NYFOS premieres a fascinating new program called Tain’t Nobody’s Business If I Do: Songs from Gay Harlem, revealing the musical heart of a subculture within a subculture.
The Black and LGBT community had a tremendous impact on not only the trajectory of the Harlem Renaissance but on the type of community Harlem would grow into as well. Continue Reading →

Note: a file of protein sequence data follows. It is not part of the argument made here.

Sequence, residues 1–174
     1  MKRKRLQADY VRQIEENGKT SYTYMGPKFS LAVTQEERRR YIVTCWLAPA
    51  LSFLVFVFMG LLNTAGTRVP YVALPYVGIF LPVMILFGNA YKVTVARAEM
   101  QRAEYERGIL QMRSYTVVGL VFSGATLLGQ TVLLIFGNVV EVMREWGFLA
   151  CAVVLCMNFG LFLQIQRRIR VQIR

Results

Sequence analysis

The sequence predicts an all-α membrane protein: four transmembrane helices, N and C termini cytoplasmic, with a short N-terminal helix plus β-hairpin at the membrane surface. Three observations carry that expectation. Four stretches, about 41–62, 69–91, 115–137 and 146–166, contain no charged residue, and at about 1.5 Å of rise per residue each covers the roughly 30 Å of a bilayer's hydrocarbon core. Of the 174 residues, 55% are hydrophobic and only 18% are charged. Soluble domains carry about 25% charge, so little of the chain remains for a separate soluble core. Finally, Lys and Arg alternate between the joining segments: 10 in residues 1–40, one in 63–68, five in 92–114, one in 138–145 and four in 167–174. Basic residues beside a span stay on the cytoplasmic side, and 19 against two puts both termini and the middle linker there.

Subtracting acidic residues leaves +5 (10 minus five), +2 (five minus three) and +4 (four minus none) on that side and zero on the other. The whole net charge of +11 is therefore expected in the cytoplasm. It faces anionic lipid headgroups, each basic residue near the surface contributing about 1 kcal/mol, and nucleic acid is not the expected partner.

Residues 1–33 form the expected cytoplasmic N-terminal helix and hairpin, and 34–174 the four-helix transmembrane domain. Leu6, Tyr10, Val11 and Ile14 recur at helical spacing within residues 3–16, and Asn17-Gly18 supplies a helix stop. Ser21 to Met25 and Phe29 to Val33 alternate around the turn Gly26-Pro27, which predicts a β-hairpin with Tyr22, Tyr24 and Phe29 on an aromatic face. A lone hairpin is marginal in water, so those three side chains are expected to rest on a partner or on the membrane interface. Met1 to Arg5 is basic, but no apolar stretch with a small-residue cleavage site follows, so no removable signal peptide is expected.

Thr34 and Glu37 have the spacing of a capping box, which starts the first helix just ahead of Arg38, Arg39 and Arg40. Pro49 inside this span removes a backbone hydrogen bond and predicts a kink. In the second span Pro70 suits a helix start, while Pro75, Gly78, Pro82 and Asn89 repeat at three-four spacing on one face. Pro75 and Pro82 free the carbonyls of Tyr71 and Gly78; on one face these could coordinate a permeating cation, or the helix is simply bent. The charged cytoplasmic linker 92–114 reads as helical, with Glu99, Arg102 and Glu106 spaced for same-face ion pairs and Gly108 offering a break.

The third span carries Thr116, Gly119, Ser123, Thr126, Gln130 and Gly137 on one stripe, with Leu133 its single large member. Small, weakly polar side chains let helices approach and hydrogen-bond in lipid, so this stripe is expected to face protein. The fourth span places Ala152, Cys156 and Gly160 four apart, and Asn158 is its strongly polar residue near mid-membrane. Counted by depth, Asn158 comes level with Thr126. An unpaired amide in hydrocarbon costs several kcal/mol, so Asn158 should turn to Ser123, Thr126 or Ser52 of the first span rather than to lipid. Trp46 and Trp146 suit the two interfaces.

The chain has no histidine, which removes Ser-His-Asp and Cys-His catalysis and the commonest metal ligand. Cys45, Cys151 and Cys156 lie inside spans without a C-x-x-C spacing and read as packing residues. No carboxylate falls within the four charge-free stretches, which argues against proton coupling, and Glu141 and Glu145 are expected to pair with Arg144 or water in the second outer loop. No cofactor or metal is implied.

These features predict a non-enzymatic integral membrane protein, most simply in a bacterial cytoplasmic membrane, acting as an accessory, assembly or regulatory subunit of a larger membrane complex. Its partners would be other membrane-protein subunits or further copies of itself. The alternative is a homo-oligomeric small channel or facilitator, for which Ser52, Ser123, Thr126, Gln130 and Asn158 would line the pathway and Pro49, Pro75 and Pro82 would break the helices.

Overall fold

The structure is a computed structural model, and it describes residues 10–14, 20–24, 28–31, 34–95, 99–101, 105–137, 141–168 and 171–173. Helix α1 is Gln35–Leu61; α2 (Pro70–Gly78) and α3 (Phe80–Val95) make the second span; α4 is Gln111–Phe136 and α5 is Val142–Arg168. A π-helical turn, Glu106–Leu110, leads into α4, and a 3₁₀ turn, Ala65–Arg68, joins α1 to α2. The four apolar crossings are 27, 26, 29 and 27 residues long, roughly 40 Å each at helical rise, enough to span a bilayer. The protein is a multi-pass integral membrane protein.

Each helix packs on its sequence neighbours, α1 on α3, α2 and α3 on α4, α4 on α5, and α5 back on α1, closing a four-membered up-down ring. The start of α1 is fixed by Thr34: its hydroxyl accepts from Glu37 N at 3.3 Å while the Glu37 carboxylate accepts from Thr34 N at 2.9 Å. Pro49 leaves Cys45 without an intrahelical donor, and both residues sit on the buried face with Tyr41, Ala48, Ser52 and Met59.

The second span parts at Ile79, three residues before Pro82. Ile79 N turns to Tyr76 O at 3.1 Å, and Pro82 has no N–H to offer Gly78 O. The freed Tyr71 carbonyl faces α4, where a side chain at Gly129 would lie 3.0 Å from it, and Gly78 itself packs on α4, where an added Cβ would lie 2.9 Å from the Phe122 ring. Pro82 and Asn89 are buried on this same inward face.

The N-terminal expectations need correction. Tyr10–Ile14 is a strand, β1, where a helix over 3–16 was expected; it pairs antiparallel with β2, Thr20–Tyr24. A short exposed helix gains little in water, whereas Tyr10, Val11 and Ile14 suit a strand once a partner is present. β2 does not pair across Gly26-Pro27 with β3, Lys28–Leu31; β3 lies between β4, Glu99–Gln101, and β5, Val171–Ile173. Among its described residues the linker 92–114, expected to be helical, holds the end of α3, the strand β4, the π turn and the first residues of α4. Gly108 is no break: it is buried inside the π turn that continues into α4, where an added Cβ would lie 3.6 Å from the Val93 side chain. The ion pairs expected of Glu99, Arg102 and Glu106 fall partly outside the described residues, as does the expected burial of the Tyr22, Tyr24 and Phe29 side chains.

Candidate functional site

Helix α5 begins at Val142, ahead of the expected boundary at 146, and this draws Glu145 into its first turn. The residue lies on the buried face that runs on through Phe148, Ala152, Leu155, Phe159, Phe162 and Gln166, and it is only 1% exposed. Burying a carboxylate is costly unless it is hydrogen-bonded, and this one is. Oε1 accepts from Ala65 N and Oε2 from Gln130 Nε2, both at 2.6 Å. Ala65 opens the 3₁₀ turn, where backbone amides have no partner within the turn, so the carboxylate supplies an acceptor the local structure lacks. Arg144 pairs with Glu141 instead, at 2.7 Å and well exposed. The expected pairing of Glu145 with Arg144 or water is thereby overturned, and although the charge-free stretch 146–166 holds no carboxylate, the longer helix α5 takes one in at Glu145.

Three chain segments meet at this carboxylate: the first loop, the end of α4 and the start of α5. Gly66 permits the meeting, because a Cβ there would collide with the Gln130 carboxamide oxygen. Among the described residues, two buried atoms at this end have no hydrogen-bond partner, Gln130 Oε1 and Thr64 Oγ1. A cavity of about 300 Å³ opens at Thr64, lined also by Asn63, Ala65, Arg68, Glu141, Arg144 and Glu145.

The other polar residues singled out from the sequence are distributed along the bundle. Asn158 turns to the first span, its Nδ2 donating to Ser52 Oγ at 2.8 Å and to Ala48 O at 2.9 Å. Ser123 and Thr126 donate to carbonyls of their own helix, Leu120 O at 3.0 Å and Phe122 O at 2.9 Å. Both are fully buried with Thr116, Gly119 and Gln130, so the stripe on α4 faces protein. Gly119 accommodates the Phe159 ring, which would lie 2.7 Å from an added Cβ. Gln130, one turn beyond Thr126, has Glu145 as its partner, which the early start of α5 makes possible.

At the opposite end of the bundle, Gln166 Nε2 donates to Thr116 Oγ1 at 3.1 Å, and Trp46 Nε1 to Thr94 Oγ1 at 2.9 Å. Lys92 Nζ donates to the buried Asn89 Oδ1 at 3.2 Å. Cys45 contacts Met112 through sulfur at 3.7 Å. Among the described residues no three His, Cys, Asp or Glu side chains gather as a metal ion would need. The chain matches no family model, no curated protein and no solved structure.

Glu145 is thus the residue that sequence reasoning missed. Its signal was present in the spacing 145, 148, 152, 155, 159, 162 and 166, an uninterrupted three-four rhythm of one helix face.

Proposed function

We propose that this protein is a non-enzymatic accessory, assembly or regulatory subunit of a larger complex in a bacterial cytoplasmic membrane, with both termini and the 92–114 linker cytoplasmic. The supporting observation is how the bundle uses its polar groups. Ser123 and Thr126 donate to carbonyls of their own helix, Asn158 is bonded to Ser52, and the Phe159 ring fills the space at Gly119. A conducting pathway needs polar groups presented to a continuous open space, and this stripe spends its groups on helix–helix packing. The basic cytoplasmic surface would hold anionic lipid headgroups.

1. Langston Hughes’ Harlem Brownstone
One of the most prominent figures during the Harlem Renaissance, acclaimed poet and author Langston Hughes resided in his Harlem brownstone, which is located on 20. East 127th Street in Harlem. Continue Reading →
Constant Contact Is A Blast!